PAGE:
Usability - Productivity - Business - The web - Singapore & Twins

This article is part of a mini series. Read them all:

Happy Soup

Draining the happy soup - Part 3

In Part 2 we had a look at the plan. Now it is time to put it into motion. Let's setup our project structure

Put some order in your files

Our goal is to distribute happy soup artifacts into packages. In this installment we setup the directory structure for that. Sticking to a clear structure makes it easier to get a step closer to package Nirvana step by step.

Proposed directory structure

Let me run through some of the considerations:

  • I'll keep all packages inside a single directory structure. Name the root after your org. What might pose a challenge is to name it sfdx - too close to that hidden directory .sfdx that does exist in your home directory and might exist in the project directories
  • You could keep the whole tree in a single repository or subject each package directory to its own repository. I'd prefer the later, since it allows a developer to pull only the relevant directories from source control (That's Option B)
  • The base directory, containing the artifacts that won't be packaged shall be named HappySoup. While it is a rather colloquial term, it is well established
  • I'm a little old fashioned when it comes to directory names: no spaces, double byte characters (that includes 💩) or special characters
  • You need to pay attention to sfdx-project.json and .sfdx as well as .gitignore. More and that below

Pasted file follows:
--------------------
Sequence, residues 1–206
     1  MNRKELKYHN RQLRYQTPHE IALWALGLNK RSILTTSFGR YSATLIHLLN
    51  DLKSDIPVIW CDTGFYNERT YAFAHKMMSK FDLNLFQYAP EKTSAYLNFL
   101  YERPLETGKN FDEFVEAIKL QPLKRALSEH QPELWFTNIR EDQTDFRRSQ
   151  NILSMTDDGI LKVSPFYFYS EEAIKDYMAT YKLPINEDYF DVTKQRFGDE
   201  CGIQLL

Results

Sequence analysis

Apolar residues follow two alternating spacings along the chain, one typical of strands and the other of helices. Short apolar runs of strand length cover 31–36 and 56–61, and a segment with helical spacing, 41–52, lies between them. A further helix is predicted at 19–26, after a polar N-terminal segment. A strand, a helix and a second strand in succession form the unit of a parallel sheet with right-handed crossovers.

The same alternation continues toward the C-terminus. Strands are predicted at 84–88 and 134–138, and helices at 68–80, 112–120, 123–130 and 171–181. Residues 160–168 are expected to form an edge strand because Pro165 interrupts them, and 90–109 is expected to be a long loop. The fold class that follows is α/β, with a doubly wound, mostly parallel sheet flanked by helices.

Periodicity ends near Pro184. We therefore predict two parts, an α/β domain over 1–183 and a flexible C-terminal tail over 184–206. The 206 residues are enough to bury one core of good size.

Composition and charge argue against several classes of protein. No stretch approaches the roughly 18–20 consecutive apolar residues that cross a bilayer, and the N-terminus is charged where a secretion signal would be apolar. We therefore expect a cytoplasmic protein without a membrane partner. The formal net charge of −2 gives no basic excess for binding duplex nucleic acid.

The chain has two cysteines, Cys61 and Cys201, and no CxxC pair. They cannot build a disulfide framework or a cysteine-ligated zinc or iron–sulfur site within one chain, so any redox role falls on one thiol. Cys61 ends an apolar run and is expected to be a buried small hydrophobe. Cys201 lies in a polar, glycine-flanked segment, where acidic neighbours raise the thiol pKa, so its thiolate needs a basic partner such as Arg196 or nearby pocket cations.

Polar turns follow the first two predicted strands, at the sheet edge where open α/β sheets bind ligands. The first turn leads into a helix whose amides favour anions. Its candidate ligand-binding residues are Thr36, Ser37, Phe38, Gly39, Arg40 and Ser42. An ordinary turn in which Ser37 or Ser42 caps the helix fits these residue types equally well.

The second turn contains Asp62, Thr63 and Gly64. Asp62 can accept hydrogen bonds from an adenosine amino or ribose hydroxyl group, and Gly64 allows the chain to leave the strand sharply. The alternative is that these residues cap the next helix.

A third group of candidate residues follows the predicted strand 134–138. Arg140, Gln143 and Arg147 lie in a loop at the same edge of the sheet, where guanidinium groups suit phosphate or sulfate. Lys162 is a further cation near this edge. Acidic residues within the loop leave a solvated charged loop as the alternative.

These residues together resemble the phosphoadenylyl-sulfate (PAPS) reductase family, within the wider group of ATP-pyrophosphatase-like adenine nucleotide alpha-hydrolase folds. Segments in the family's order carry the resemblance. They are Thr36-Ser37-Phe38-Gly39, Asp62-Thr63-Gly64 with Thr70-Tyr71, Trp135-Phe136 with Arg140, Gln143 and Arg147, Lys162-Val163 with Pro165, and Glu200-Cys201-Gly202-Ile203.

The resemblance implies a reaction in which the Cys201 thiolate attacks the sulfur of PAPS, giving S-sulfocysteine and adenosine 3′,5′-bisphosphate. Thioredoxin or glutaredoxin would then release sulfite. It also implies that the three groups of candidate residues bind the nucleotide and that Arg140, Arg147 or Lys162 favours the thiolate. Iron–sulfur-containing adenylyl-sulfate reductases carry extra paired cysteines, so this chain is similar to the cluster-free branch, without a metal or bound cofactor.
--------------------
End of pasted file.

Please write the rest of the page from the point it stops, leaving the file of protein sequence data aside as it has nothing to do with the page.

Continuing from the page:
• When you have mixed OS developer communities using Windows, MAC or Linux, directory delimiters could become a headache. My tongue-in-cheek recommendation for Windows would be to use WSL

Key files and directories

Initially you want to divide, but not yet package. So your projects need to know about each other. Higher level packages, that in future will depend on base packages need to know about them and each package needs to know about the HappySoup. To get there I adjust my sfdx-project.json:

"packageDirectories" : [
    { "path": "force-app", "default": true},
    { "path" : "../ObjectBase/force-app" },
    { "path" : "../HappySoup/force-app" }
"namespace": "",
"sfdcLoginUrl" : "https://login.salesforce.com",
"sourceApiVersion": "45.0"

The key here are the relative path entries like ../HappySoup/force-app. When you use sfdx force:source:push the content gets pushed to your scratch org, so it is complete. When you use sfdx force:source:pull changes you made are copied down to the default path, so the adjacent projects remain as is.

When using pull and push from VSCode it will use the default user name configured for SFDX. To ensure that you don't push to or pull from the wrong place, you need to create one scratch org each using sfdx force:org:create --f config/project-scratch-def.json -a [ScratchOrgAlias] and then execute sfdx force:config:set defaultusername=[ScratchOrgAlias].

The command will create a .sfdx directory and config files inside in your project. Unless all developers checking out that repository use the same aliases (unlikely), you want to add .sfdx to your .gitignore file.

Now you are all set to move files from the happy soup to future package directories. With the relative path in your sfdx-project.json no packaging is required now and you still can get a fully functioning scratch org.

One pro tip: instead of relying on individual scratch definition files, you might opt to use the one in the happy soup, so all your scratches have the same shape.

Next stop: building the solution before you package. As usual YMMV.

Posted by on 22 February 2019 | Comments (0) | categories: Salesforce SFDX


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